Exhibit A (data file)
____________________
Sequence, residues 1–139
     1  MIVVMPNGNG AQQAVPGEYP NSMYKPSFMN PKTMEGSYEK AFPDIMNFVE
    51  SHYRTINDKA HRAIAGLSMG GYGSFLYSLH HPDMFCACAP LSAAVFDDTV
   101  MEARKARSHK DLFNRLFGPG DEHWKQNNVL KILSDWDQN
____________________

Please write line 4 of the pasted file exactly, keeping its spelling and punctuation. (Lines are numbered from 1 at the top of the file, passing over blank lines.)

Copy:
   101  MEARKARSHK DLFNRLFGPG DEHWKQNNVL KILSDWDQN